4. Curvature = 1/(Front lens Radius) = 0.02 mm-1
    5. Conic = 0
    6. OPD Mode = 0, corresponding to the hologram’s default Optical Path Difference computation.


Now the lens front is an OFH surface, matching the shape of the starting system’s lens front. This system, containing the OFH, represents the hologram’s playback system.

At this stage, as the phase plate in construction file 2 doesn’t have any non-zero terms, the OFH is made of the interference of two identical beams and has no effect whatsoever on the system. The playback system should, therefore, look and behave exactly as the original “StartingLens.zmx” file.

Optimizing the OFH

As previously noted, the phase plate in construction file 2 has two variables already defined, Zernike terms 4 and 9. It is possible to easily access these variables from the playback file by clicking Add Hologram Variables in the Multi-Configuration Editor toolbar, as shown in the following picture.


The Add Hologram Variables tool finds the variables in the construction files and adds them to the playback file as HLGV multi-configuration operands. These can now be used alongside any other variables in the playback file (if any).
In this case 4 HLGV operands will be added, 2 for construction file 1, and 2 for construction file 2.

The HLGV Operand has 3 arguments:

  • Surface : it indicates a surface that is an Optically Fabricated Hologram surface
  • File #: specifies the construction file 1 or 2 where the variable comes from
  • Variable #: specifies the variable number linked in the construction file. This can be checked in the construction file. Click Analyze...Reports...Prescription Data and select Solves/Variables in the settings.


We are only interested in the operands for construction file 2 (which already have variable status 'V' applied), so delete the operands for construction file 1.

Use of HLGV operands allows the simultaneous closed loop optimization of the construction and playback systems. Note that the variables reported via HLGV are not read-only: changing their values will change the associated parameter in the relevant construction file. In order to optimize the system for best performance, a merit function targeting best RMS spot will suffice. To do so, set up the Optimization Wizard as follows, then click OK.


To optimize the system, click Analyze…Optimize!. Notice how the construction file variables have now been optimized as to correct the aberrations in the playback system and achieve the smallest possible RMS spot.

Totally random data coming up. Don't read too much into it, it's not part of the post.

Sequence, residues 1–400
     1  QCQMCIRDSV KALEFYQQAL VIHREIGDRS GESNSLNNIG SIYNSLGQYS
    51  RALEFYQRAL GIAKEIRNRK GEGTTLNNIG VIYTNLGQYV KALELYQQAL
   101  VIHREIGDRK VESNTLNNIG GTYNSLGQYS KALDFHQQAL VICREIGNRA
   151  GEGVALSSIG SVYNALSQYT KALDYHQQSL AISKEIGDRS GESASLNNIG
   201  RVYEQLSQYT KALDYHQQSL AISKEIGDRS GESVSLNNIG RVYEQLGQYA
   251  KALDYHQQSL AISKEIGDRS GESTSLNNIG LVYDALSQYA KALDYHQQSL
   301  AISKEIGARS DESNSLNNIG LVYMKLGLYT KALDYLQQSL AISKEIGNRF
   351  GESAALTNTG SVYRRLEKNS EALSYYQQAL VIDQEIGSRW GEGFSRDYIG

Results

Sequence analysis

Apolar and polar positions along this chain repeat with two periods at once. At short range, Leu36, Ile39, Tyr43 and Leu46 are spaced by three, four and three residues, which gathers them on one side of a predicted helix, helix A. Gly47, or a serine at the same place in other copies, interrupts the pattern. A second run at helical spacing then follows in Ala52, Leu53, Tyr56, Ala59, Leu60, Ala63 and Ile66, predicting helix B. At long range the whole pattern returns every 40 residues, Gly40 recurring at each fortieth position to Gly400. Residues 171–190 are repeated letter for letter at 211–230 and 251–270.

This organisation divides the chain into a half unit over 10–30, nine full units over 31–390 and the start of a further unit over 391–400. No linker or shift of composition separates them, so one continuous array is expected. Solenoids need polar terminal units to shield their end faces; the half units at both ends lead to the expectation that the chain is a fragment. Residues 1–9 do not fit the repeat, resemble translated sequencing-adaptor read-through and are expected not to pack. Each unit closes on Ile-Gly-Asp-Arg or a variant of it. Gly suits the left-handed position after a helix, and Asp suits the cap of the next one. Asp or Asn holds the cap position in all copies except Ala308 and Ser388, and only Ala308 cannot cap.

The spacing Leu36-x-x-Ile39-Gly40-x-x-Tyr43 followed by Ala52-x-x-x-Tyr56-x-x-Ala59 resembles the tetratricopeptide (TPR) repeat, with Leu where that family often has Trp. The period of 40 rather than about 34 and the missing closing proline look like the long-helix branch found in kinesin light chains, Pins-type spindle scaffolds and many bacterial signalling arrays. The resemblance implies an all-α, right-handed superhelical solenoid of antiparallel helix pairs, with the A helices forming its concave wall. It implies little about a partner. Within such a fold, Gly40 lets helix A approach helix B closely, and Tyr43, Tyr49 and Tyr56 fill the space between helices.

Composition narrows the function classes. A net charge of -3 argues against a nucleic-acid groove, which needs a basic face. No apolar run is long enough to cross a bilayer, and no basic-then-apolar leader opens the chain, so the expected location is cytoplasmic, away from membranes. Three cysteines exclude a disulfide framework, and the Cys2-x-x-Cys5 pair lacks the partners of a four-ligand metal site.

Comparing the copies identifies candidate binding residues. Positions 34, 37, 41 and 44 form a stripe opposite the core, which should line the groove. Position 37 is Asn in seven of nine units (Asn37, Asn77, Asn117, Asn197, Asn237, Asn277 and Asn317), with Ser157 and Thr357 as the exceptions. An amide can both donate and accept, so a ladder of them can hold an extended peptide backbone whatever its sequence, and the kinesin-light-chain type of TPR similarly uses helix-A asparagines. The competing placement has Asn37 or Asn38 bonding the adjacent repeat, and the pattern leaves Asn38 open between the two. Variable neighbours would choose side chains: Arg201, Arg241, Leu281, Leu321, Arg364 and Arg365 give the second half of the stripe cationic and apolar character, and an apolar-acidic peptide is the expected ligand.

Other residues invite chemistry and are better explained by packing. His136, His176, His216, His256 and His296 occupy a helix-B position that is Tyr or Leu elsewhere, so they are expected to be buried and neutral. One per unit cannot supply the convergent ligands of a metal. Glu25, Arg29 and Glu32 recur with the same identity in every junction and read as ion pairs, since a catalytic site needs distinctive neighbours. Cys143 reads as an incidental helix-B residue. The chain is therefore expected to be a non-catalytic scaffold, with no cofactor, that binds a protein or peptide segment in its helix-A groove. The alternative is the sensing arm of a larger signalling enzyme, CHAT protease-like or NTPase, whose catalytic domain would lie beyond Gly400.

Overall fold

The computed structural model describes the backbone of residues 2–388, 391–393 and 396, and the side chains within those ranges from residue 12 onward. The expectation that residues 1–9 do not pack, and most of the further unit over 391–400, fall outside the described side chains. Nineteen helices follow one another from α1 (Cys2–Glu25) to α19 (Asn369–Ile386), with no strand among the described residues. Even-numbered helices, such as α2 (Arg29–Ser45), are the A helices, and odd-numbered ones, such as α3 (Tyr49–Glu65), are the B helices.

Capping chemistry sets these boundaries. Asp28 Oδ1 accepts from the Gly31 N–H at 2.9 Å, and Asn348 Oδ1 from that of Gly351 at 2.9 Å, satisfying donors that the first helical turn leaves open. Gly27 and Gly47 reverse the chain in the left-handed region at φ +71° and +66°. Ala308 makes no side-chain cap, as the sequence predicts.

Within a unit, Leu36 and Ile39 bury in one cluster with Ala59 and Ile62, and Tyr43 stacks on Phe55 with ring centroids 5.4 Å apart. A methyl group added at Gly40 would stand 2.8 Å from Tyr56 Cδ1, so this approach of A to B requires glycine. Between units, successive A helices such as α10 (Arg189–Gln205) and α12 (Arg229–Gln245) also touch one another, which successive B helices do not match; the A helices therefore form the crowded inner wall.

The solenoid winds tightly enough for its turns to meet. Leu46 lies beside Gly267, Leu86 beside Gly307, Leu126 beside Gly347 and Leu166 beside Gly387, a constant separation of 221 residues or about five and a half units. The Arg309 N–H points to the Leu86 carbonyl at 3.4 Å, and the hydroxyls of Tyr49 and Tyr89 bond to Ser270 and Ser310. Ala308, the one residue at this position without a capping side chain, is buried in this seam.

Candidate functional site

The resulting hologram can be visualized by using the Hologram Construction Interference user analysis described in Knowledge base article “Analyzing hologram construction fringes with a ZOS-API User Analysis”.


A Standard Spot Diagram, showing the Airy disk, can be used to quickly confirm that the system is now diffraction limited. The spot is not an ideal point due to the presence of higher-order aberrations.


Even though the system is diffraction limited, opening a Wavefront map shows an unrealistic RMS wavefront error of ~31 waves. This is one of the instances where the default hologram’s Optical Path Difference computation (OPD Mode = 0) leads to incorrect results. There is no reliable algorithm for determining the proper OPD Mode automatically in all cases. For this reason, when optimizing systems including OFHs, it is advisable that the merit function should not rely on OPD data, because of the possibility of an incorrect calculation. If the OPD is obviously wrong, as in this instance, the user must manually determine the proper OPD algorithm by setting the OPD Mode equal to 1, 2, 3, or 4, until the OPD values are computed correctly. In this specific file, the correct OPD is calculated when OPD Mode = 2, leading to a much more realistic RMS wavefront error of 0.009 waves. For more details on the different OPD calculations, refer to OpticStudio help files.

Finally, note that, as the playback and construction files are linked through the HLGV operands, saving the playback file will also save both associated construction files. This can be confirmed by clicking on File…Save and opening file “OFHSphericalCorrector_2.zmx” in a second instance of OpticStudio: the variables set on the Zernike Fringe Phase parameters have now the values found by optimization of the playback file.